At the entrance to the bathroom, the boy I had been crushing on was standing at the door and I thought it was so sweet of him to be there to see if I was alright. R led me inside and suddenly the door shut with a bang and he was in there with me. Slurring my words, I asked that he please give me some privacy and he said he wanted to make sure I'd be okay. I tried to open the unlocked door, but the handle wouldn't move. I was confused, was it stuck? Was crush boy holding it so that I wouldn't be able to open. Then a moment is realisation dawned on me. It wasn't the heat that was getting to me, something was very very wrong.

R turned me around and started kissing my neck and face, my weak arms tried to push him away and with all the saliva I could muster I spat in his face and my dry mouth fought to say the word I knew would stop this madness. No. At first it came out as a whisper and I could not believe my voice was failing me at such a crucial moment. Again, I tried, No. This time the venom I needed carried through and his hands, which were now on my budding breasts, stopped mid grope and I sighed in victory.

The room was spinning, my heart was hammering at my chest and my legs were about to give in when I was jolted into shock, as he had reached under skirt and frantically tugging at my underwear. No wasn't getting me anywhere. I said it again, I pushed as hard as I could, and my final words were "don't do this, I'm on my period". I saw the glint in his eye; he licked his lips and turned me around to face the wall. He ripped off my panties and as I looked down, my bloody tampon was lying there, staring back up at me. Tears rolled down cheeks and joined the blood keeping my tampon company.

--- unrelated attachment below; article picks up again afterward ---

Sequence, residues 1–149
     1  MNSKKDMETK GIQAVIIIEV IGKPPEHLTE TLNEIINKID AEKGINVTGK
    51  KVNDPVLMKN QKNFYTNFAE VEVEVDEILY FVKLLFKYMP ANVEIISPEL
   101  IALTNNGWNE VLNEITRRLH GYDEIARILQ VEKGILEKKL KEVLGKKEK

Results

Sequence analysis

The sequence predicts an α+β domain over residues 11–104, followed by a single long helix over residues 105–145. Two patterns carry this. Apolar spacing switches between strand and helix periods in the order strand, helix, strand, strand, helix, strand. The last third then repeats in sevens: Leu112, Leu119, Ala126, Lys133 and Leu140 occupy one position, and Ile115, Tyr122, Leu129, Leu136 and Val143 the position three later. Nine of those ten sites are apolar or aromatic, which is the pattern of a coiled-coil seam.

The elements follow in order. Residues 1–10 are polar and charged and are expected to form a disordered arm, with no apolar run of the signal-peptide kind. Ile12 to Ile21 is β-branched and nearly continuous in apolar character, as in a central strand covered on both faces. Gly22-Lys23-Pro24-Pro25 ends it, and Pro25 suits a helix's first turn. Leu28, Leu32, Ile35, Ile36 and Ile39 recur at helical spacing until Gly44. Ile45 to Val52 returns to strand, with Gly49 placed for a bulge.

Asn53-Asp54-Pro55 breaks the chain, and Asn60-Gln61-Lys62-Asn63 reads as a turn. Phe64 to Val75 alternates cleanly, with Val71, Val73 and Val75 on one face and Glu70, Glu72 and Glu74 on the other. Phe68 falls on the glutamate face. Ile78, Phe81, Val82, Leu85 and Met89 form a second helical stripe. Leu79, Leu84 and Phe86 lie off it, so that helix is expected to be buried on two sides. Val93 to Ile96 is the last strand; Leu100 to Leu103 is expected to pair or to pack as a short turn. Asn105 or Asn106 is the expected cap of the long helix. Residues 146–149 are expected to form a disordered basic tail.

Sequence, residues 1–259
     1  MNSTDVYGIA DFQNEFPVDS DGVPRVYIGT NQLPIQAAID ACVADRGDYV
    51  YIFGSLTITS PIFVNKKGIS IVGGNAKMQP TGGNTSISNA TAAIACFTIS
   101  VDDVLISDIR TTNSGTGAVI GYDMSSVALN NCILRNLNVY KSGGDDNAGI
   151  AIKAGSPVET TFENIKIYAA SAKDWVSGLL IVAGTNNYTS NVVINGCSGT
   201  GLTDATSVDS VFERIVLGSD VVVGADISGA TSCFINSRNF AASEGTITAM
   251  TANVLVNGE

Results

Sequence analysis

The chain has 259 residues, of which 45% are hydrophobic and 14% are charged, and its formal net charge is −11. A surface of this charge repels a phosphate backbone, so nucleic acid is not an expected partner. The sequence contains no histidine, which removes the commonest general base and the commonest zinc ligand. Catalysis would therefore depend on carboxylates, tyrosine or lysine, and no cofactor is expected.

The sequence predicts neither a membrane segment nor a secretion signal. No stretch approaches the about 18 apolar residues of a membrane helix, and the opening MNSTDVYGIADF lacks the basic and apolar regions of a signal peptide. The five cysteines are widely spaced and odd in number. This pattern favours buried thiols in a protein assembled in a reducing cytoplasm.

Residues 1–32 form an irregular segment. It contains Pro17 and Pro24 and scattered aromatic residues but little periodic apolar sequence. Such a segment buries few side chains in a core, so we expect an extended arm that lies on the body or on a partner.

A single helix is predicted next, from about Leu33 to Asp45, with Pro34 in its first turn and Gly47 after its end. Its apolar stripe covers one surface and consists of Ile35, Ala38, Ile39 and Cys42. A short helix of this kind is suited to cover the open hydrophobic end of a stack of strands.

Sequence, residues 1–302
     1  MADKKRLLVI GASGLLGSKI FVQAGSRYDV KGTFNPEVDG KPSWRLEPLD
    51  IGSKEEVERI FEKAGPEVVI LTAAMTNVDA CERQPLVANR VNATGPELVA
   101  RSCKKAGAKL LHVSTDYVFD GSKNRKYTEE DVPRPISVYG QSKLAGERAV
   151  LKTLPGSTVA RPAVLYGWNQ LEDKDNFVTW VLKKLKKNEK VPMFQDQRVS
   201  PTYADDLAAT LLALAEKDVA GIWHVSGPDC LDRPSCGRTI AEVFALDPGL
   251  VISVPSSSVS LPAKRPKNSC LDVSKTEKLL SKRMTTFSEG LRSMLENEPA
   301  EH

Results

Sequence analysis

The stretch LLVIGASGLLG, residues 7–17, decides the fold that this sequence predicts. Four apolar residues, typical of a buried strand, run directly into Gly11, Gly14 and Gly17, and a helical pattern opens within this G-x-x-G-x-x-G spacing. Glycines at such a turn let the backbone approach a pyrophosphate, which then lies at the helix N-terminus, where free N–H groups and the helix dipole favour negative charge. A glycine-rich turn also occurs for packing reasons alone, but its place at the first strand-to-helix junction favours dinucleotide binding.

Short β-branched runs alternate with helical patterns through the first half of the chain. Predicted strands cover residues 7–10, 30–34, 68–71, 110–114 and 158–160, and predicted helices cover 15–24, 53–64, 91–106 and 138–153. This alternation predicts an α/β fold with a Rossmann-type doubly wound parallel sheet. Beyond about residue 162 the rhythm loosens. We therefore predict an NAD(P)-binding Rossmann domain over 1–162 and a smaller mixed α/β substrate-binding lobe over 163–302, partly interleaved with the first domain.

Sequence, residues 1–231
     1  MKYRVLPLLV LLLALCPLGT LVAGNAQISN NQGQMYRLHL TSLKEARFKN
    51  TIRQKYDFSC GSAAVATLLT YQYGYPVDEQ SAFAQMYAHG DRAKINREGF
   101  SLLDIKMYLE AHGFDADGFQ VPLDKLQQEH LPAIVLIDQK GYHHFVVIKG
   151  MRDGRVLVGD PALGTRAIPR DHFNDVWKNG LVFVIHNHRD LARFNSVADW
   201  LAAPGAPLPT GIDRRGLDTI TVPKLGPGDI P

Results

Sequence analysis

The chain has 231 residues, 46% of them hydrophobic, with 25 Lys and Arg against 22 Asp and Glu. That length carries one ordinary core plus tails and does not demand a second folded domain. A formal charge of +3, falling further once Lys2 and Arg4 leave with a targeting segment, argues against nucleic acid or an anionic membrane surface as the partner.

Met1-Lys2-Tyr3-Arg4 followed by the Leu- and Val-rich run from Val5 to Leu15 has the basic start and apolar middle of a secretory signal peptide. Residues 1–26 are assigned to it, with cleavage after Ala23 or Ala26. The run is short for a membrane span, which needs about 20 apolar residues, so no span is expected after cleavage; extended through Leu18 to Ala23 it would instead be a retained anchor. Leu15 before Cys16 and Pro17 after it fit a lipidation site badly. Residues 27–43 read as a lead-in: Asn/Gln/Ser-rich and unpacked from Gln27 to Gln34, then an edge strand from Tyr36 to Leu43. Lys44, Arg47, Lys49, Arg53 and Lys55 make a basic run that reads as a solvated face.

R giggled and said he loved when a woman was menstruating and I could feel his penis getting hard against me and all I was thinking was that I was just a girl, and he was about to force me into womanhood. He pushed me to the ground in the corner of the bathroom. There were some planks and nails and broken tiles that hurt my back, and as he mounted me I was ever so grateful for the pain on my back which was helping me not to concentrate on the burning sensation coming from him entering me.

Minutes passed and he got off, got up, zipped him pants, bent down and kissed me on the forehead. I closed my eyes expecting crushboy to enter and have his way with me too, but there was silence. I lay there for a long time.

When I finally opened my eyes it was getting dark. I got up, cleaned myself up in the basin, cleaned the blood of the floor, tied a knot into my panties and put them on. Used some toilet paper as a makeshift pad so as not to soil myself. I left the house and walked home.

Went to school the next day and didn't say anything to anyone about what had happened. Why? I didn't want to be a statistic, I didn't want to give him the power to make me a victim, I didn't want to feel any more ashamed than I did and I didn't want anyone's pity. I wanted to believe that I am stronger.

In my head, I had a long life ahead of me and I was going to live it, without the stigma of being a survivor. It took me years to even say it to myself – I was raped. My innocence was gone. To this day, at 25 years of age, I still struggle to call myself a woman – because of how 'becoming a woman' happened. Never even told my boyfriend, years later, that he was in fact not my first.